The municipal government is suggesting a light rail transit (LRT) or bus rapid transit (BRT) service linking Richmond City Centre and Steveston.

Very early preliminary analysis identified two possible route options. The first option that currently sees the most bus ridership would run along Westminster Highway and No. 1 Road, while the second option would utilize Granville Avenue and the former railway corridor that parallels Railway Avenue.

TransLink already has an eye on improving bus connections in Steveston. However, in July, city council rejected the public transit authority’s proposal of using city-owned land at Steveston Community Park for a purpose-built bus loop and layover facility. The facility would be integrated with an adjacent new facility for the local community centre and library.

“Should transit ridership between the City Centre and Steveston continue to grow and warrant the progression of higher orders of transit service from bus rapid transit to rail rapid transit, the location of a rail terminus in Steveston depends upon the rapid transit alignment and the ultimate site of the planned transit exchange upgrade,” reads the city staff report.

To support improved and expanded bus services, construction begins this fall on a new purpose-built bus loop at Richmond-Brighouse Station.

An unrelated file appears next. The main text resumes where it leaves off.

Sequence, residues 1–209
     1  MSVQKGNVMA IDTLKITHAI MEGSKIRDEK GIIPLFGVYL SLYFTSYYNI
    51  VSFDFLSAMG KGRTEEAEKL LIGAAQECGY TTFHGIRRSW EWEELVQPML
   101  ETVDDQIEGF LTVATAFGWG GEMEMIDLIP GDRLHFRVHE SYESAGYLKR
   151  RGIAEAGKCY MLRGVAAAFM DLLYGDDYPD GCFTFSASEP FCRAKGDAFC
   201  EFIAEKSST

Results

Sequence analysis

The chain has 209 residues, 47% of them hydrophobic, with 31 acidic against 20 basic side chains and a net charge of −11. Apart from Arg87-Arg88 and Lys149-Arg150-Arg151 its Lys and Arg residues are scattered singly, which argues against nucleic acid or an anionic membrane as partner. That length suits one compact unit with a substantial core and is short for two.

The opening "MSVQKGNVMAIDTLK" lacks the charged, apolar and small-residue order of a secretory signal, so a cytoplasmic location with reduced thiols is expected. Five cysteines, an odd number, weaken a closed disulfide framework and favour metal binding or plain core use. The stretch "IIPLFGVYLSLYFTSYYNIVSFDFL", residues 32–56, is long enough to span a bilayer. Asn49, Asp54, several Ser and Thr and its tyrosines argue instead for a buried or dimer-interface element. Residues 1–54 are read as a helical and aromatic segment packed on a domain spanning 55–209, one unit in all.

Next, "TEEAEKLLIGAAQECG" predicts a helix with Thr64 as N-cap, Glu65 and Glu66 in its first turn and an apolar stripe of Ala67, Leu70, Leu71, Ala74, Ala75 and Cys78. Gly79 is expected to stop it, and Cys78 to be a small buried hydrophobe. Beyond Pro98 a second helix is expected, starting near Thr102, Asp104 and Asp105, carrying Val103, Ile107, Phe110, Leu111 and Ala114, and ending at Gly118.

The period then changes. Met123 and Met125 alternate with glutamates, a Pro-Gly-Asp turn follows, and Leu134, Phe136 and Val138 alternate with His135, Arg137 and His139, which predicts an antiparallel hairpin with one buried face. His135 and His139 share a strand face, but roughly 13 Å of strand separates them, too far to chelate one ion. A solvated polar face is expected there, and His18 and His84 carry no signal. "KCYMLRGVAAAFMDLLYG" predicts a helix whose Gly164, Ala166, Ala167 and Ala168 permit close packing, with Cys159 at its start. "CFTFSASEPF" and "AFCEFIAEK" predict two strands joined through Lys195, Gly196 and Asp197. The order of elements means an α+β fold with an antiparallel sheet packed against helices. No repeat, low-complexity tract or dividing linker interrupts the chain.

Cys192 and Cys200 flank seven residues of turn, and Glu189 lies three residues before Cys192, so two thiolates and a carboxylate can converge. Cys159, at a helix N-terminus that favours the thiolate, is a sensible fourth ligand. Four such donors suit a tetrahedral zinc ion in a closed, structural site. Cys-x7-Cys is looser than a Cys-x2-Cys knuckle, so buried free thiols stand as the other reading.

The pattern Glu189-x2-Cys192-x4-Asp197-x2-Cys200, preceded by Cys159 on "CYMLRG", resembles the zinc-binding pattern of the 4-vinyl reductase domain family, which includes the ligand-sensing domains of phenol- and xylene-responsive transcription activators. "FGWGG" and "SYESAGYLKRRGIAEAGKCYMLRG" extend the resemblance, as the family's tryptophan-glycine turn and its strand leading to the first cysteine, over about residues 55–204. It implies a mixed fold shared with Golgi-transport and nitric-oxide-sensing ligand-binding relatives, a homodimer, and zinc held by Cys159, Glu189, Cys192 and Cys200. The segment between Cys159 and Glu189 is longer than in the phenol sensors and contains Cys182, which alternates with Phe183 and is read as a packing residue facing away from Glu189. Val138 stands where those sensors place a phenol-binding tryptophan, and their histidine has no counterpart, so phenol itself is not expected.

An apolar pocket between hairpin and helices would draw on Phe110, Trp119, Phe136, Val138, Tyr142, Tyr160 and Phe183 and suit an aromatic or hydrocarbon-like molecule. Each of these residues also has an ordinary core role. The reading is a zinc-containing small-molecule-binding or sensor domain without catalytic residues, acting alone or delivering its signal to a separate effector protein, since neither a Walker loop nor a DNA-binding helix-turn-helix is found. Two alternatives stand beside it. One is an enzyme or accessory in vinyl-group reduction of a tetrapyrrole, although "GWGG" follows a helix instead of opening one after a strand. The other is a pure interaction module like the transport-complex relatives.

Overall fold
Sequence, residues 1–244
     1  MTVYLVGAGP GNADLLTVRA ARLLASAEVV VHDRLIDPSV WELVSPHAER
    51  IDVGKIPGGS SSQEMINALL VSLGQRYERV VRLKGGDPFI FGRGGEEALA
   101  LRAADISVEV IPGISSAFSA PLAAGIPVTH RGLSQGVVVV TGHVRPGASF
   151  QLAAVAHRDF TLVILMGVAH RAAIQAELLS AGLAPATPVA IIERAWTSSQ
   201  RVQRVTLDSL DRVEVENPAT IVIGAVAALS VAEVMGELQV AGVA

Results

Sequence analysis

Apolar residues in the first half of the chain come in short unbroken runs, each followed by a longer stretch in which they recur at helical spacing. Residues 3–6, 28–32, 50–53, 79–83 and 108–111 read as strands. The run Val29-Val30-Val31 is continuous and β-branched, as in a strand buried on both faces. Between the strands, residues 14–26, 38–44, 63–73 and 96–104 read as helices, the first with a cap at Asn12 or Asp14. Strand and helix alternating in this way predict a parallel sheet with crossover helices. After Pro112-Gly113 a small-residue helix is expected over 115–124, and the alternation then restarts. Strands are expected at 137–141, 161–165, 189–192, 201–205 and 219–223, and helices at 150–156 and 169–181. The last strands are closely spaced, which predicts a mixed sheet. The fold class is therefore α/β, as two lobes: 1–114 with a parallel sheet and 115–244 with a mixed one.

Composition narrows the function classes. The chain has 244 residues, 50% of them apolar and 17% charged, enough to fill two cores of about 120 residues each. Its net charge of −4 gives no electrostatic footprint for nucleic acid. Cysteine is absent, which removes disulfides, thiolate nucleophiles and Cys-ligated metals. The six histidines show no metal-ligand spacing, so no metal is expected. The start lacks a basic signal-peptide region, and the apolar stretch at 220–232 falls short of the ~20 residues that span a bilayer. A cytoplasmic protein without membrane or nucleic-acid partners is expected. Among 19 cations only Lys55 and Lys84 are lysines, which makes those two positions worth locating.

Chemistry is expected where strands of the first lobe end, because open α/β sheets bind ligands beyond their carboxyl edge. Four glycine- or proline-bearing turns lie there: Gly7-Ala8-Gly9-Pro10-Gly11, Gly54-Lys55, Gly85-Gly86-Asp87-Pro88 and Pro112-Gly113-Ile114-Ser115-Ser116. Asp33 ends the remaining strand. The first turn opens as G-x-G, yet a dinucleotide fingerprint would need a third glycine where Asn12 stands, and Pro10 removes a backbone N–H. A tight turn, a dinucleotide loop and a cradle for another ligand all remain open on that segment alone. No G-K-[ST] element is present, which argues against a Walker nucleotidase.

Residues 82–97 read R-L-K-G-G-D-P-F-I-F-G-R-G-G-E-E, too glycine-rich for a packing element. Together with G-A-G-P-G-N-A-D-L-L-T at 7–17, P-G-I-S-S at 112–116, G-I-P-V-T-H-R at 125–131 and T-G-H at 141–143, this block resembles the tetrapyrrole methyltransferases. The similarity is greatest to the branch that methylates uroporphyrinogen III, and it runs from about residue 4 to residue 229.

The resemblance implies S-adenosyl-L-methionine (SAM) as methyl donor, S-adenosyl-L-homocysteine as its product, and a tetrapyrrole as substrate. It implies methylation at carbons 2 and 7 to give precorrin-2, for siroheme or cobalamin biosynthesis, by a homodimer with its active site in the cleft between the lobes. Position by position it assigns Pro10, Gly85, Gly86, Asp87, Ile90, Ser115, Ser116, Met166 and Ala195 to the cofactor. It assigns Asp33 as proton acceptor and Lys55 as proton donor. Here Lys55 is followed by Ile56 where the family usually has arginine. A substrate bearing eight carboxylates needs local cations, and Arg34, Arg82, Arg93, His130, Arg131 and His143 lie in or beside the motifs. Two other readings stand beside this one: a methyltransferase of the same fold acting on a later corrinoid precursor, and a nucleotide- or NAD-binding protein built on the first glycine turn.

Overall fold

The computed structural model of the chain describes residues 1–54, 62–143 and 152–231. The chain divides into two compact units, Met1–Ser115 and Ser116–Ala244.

Rapid transit across the new Massey Crossing

City staff have identified a need for a new rapid transit service between a Canada Line station and communities further south of the Fraser via the planned new George Massey crossing.

Three possible route alignments have been created for further comment. This includes one option running from Bridgeport Station and along Highway 99, a second option from Bridgeport Station via the existing CN Rail right-of-way, and a third option from Richmond-Brighouse Station via Steveston Highway.

The provincial government is still working on its redesign for a solution to the George Massey Tunnel after cancelling the project for a new 10-lane bridge. However, the region’s mayors are now requesting for marginally smaller eight-lane bridge with rail transit capabilities, and the provincial government has stated the new crossing may not be completed until 2030.

Other improvements

The municipal government wants to see a new separate pedestrian and cyclist crossing on the existing Arthur Laing Bridge or on a new parallel route on the corridor. This would directly connect with the City of Vancouver’s Arbutus Greenway.

It also desires to fulfill its Richmond City Centre master plan of building a new pedestrian and cycling bridge across the middle arm of the Fraser River between the west end of Cambie Road (near Aberdeen Station) and Sea Island.

Additional cycling lane infrastructure is suggested for the Knight Street Bridge and Dinsmore Bridge, and city staff brought up the possibility of small passenger ferries in the Fraser River connecting major destinations and points of interest.

Richmond Transport 2050

The City of Richmond’s ideas for the first phase of consultation for TransLink’s Transport 2050 master plan. (City of Richmond)

TransLink concluded the first phase of its Transport 2050 public consultation earlier this month. Suggestions submitted by the public, municipal governments, businesses, and other organizations in the first phase will be used to develop and propose new strategies and priorities for the 30-year plan, which will go through new rounds of public consultation. The third and final phase in late-2020 will finalize the new regional transportation strategy.

Kenneth ChanKenneth Chan